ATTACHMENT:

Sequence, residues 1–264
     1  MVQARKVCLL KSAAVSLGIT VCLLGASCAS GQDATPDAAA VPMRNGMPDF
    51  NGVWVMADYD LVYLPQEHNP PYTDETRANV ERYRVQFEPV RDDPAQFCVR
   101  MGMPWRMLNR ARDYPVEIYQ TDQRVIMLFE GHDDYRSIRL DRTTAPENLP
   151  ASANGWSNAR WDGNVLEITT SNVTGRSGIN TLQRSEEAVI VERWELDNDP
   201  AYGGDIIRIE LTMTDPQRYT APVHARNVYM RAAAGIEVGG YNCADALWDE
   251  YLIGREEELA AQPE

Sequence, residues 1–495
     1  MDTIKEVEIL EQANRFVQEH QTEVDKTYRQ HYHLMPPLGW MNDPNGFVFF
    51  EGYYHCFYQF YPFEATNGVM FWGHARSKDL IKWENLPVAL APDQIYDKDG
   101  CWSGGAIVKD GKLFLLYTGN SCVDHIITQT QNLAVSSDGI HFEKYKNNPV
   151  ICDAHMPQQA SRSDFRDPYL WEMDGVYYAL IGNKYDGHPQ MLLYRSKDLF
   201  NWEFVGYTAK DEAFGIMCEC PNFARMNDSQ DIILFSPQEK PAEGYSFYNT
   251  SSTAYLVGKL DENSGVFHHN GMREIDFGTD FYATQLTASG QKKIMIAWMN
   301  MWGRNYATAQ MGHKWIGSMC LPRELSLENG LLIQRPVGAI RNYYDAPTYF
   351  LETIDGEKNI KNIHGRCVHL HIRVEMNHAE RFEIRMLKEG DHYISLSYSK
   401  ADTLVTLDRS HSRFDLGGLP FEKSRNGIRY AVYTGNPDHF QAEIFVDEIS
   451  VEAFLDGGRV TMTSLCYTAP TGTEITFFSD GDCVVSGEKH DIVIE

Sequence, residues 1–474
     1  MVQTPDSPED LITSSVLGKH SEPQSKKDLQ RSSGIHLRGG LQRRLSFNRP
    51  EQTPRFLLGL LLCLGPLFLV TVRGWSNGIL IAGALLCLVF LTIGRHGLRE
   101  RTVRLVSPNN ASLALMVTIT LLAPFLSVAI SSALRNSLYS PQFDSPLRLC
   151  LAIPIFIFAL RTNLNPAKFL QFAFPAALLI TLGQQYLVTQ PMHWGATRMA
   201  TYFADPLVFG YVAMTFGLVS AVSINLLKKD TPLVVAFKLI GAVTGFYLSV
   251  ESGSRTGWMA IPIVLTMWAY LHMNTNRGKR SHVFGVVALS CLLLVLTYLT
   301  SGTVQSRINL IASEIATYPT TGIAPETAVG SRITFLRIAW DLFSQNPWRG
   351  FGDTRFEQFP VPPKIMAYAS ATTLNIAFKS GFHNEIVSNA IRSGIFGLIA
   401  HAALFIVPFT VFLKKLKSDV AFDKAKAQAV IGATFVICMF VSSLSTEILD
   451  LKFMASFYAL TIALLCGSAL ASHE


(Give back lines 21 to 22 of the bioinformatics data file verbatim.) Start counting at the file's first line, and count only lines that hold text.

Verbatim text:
    51  EQTPRFLLGL LLCLGPLFLV TVRGWSNGIL IAGALLCLVF LTIGRHGLRE
   101  RTVRLVSPNN ASLALMVTIT LLAPFLSVAI SSALRNSLYS PQFDSPLRLC